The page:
Charles Michael Palahniuk
Born February 21, 1962, Charles spent his early childhood living out of a mobile home in Burbank, Washington.
His paternal grandfather was Ukrainian and immigrated to New York from Canada in 1907.
His parents, Carol and Fred Palahniuk, separated and divorced when he was fourteen.
Chuck and his siblings spent much of their time on their maternal grandparent’s cattle ranch.
In 1980 Charles graduated from Columbia High School in Burbank.
The catalyst for his first writing was his fifth grade teacher Mr. Olsen.
After high school, Chuck attended the University of Oregon, graduating with a BA in journalism in 1986. He entered the workforce as a journalist for a local Portland newspaper, but soon grew tired of the job. He then gained employment as a diesel mechanic, spending his days repairing trucks and writing technical manuals. It was during this time that Palahniuk performed volunteer work for a homeless shelter; later, he also volunteered at a hospice as an escort; he provided transportation for terminally ill people and brought them to support group meetings. He also became a member of the notorious Cacophony Society. The Cacophony Society was dedicated to experiencing things outside of the mainstream and performing large-scale pranks in public places.
Palahniuk began writing fiction in his mid-thirties. At the time he was attending workshops for writers to meet new friends. Tom Spanbauer, the host, largely inspired Palahniuk's minimalistic writing style.
Chuck’s first attempt at a novel, If You Lived Here, You’d be Home Already was rejected across the board (although parts were later recycled for use in Fight Club.) Unfazed, Chuck dabbled with even darker material, writing a manuscript called Manifesto, which would go on to become Invisible Monsters. As with If You Lived Here, agents just couldn't embrace the dark tone in Chuck's work, and while his voice as a writer got some recognition, nobody was willing to take a chance on him.
That all changed when Chuck "gave up" on the mainstream and decided to make his next manuscript even darker. The experience of working in terminally ill hospice and becoming a member of the Cacophony Society was the basis. Fight Club came into existence. After initially publishing it as a short story (which would become chapter 6 of the novel) in the 1995 compilation, Pursuit of Happiness, Palahniuk expanded it into a full novel, which—contrary to his expectations—the publisher was willing to publish. But it wasn't until 20th Century Fox took notice that Chuck nabbed an agent in Edward Hibbert (best known as Gil Chesterton, the food critic on Frasier,) who would go on to broker the deal for Fight Club the movie.
Due to this success, Chuck was given free reign, creatively.
Chuck’s work has always been infused with personal experience, and his next novel, Lullaby, was no exception. Chuck credits writing Lullaby with helping him cope with the tragic death of his father.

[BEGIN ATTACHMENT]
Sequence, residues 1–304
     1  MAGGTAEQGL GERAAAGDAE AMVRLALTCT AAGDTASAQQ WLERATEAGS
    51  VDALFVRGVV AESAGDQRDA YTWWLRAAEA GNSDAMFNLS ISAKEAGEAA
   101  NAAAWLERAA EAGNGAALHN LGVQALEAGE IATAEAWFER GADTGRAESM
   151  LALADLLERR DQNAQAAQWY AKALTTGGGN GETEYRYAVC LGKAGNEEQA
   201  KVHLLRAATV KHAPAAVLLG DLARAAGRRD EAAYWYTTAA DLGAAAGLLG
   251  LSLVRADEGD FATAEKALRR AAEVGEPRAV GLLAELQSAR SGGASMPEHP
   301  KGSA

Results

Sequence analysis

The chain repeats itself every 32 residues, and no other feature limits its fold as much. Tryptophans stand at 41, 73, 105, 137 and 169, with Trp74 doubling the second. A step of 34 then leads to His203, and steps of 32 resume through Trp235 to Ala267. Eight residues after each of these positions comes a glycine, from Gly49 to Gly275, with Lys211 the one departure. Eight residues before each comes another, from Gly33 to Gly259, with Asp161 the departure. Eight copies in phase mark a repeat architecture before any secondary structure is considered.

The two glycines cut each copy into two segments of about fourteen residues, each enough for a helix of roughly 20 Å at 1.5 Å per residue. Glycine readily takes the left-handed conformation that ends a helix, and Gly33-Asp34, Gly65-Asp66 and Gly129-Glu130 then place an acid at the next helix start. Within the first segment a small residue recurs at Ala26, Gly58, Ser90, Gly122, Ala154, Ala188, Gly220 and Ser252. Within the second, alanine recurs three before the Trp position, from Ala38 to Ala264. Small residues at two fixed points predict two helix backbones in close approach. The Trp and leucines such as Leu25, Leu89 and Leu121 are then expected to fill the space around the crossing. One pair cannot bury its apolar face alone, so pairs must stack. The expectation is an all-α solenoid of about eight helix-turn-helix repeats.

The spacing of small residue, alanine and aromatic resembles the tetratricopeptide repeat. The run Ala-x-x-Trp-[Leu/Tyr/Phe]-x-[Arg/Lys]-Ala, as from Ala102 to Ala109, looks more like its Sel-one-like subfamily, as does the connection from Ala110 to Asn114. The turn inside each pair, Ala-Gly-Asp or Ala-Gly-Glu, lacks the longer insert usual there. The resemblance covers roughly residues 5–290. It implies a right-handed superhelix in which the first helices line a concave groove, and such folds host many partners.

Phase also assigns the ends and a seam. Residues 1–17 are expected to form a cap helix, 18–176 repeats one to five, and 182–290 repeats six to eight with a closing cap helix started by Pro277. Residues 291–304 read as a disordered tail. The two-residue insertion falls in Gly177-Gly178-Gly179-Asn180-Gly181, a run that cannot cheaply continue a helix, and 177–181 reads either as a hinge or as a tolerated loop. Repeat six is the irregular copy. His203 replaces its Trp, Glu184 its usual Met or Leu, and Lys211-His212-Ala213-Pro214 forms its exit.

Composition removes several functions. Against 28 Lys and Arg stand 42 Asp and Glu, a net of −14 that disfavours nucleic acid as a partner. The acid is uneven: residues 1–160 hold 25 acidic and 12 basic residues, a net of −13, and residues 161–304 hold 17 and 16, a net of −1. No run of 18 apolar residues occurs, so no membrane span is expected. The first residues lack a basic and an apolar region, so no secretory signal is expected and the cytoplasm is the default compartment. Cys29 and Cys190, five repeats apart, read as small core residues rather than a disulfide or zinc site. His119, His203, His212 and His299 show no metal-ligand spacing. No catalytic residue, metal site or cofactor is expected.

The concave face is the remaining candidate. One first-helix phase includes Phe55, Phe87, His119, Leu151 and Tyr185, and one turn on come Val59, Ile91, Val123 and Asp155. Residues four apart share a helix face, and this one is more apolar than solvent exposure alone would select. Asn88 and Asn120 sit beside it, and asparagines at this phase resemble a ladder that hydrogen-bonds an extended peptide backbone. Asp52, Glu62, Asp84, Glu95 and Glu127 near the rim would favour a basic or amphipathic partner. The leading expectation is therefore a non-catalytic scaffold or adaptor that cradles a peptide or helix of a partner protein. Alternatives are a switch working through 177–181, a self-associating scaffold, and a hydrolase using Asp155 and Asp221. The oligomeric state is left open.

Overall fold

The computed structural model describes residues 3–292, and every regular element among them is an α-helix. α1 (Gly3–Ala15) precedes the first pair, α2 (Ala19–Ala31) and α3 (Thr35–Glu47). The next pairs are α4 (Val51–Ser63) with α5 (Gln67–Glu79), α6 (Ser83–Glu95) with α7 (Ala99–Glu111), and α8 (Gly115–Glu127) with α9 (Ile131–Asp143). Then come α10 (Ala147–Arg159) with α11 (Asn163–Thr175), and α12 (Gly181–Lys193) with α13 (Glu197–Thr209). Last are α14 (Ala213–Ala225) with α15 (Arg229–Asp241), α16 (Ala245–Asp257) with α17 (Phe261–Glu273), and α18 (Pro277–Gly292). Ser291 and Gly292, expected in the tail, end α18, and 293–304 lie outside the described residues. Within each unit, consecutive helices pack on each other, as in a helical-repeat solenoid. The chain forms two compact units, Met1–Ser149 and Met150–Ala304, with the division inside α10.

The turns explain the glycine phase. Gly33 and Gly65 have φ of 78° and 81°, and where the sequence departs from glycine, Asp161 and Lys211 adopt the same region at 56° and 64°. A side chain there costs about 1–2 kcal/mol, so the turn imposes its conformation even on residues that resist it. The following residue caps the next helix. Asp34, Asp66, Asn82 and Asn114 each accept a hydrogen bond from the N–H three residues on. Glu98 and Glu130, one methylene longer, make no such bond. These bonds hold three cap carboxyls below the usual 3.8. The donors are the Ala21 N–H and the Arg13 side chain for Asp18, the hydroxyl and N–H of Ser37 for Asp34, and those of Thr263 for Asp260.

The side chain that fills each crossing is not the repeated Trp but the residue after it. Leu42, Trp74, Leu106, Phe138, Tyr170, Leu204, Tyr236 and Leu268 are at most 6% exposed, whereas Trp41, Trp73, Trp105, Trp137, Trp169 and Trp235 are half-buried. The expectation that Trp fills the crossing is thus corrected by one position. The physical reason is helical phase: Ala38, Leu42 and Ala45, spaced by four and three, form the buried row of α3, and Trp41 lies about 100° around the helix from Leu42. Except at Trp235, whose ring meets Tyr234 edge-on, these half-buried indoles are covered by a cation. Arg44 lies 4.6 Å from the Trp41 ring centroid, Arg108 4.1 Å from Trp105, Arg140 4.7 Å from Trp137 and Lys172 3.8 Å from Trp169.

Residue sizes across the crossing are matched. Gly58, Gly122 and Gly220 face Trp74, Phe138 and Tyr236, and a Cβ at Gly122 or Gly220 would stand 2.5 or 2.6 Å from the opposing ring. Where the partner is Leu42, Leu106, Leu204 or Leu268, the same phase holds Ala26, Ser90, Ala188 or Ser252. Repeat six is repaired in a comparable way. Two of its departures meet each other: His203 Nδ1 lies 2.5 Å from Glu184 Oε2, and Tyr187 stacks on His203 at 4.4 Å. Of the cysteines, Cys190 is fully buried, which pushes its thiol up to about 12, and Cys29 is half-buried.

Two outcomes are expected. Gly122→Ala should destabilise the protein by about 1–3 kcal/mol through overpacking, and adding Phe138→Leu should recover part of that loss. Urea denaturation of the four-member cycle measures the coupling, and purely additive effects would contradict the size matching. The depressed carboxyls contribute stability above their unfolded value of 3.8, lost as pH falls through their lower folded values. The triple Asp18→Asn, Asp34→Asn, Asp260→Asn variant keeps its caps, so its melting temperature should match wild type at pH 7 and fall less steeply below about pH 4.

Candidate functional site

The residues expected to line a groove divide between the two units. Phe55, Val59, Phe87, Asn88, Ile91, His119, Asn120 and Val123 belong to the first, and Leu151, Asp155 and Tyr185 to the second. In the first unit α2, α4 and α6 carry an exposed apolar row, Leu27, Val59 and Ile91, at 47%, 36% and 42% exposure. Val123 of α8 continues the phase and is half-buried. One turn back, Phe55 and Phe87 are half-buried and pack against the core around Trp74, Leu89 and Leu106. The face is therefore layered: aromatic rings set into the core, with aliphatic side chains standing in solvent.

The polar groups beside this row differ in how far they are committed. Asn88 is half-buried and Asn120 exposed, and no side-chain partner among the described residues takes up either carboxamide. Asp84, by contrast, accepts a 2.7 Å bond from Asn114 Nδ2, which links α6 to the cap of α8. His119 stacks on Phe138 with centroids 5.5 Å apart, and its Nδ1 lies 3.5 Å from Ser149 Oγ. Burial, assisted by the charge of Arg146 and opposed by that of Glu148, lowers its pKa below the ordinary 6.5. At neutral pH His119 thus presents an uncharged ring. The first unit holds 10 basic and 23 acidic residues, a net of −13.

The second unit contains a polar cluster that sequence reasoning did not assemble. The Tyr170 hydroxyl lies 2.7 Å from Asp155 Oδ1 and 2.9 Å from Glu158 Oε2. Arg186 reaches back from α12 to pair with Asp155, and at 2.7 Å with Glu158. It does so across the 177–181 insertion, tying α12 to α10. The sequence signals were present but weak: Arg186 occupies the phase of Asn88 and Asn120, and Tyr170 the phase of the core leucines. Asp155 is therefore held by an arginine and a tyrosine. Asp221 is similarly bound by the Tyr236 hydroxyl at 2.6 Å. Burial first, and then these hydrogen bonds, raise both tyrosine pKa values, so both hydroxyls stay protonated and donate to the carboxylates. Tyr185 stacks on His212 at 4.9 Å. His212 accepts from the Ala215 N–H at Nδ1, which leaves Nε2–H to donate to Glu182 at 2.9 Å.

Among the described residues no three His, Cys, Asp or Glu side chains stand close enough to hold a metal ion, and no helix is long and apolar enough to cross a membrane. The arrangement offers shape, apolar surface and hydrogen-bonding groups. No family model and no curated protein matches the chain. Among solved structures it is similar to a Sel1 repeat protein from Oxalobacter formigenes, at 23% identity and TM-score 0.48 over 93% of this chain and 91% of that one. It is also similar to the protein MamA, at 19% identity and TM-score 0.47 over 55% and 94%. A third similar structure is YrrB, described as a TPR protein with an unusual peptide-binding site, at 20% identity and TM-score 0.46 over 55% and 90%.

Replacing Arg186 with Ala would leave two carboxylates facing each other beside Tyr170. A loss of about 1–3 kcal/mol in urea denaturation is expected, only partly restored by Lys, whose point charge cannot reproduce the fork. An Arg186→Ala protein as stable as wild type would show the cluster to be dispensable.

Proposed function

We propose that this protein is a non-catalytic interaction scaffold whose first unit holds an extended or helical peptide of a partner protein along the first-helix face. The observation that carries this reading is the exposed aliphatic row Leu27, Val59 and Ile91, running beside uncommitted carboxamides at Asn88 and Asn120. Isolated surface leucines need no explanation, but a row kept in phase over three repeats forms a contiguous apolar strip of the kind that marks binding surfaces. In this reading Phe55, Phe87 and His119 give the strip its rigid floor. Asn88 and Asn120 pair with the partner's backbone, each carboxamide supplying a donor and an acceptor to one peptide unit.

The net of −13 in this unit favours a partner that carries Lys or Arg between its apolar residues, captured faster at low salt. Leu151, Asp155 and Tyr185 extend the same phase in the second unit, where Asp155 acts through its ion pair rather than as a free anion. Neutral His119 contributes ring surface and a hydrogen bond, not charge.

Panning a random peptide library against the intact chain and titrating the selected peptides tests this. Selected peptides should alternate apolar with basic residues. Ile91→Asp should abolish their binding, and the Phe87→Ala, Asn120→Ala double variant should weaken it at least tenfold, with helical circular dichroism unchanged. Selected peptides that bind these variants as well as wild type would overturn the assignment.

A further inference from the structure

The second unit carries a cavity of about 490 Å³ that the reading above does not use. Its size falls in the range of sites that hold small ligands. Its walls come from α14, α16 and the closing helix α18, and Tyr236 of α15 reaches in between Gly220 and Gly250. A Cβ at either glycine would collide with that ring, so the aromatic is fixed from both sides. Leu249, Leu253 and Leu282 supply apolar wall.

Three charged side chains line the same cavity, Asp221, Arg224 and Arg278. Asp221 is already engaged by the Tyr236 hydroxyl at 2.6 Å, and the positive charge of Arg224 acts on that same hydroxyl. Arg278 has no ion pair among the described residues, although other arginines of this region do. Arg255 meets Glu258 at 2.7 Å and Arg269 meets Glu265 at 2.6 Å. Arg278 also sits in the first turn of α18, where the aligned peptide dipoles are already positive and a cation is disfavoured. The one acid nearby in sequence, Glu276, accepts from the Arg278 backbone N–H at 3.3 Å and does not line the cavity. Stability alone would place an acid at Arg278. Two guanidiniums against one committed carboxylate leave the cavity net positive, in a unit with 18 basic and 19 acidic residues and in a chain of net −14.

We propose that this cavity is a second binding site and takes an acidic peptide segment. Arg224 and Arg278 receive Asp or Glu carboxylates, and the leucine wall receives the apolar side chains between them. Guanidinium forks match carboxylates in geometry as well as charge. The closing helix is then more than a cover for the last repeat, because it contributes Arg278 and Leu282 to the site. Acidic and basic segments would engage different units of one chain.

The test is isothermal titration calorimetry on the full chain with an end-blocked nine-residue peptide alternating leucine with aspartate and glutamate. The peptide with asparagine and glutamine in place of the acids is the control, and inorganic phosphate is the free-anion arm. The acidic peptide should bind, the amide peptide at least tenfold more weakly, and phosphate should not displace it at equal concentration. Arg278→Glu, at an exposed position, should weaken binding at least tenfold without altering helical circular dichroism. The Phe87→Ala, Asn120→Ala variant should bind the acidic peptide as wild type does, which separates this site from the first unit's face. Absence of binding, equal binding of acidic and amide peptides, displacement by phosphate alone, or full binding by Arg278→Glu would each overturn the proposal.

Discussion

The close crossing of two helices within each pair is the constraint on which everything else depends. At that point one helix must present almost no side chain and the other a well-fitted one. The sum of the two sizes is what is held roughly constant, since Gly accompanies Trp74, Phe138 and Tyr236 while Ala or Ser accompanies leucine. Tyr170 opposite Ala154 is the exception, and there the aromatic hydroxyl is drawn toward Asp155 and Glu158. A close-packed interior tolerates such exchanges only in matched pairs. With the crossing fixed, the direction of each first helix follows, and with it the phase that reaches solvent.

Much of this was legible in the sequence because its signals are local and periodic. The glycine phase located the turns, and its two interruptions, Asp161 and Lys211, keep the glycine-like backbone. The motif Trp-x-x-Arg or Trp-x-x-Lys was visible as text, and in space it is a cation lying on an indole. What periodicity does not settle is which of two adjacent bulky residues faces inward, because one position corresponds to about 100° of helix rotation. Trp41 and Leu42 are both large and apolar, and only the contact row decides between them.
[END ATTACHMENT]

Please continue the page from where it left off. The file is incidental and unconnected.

The year 1999 brought a series of great personal tragedies to Palahniuk's life. At that time, his father, Fred Palahniuk, had started dating a woman named Donna Fontaine. He met her trough a personal ad soon after her former boyfriend, Dale Shackleford, had been imprisoned for sexual abuse. Shackleford had vowed to kill Fontaine as soon as he was released from prison. After his release, Shackleford followed Fontaine and the senior Palahniuk to Fontaine's home after they had gone out for a date. Shackleford then shot them both and dragged their bodies into Fontaine's cabin home, which he then set afire. That man was found guilty and sentenced to death in 2001.
“That's why I write, because life never works except in retrospect. You can't control life, at least you can control your version.”
(Stranger Than Fiction)
Another book, based on personal experience, was released in 2011. Chuck wrote Damned while his mother was dying of cancer. She was the prototype of the main character, 13-year-old girl Madison who is in Hell. “On her medication my mother became much more herself as a child; a child I never would have known. I was playing in effect the role of parent. It was a terrible time and perhaps that's why Madison's such a glib person. She's covering up horrible circumstances and pain”-says Chuck. He tried to express somehow his grief at having then lost both of his parents. That would not make a very entertaining or particularly funny book, that`s why he inverted the situation and made it this very plucky dead child, who could mourn her parents while they were still on Earth – but still she could miss them.
“All the effort in the world won't matter if you're not inspired.”
Charles Palahniuk managed to find his inspiration in his misery. The art cured him. And I believe that his way can help anybody. Do you?
“We all die. The goal isn't to live forever, the goal is to create something that will.”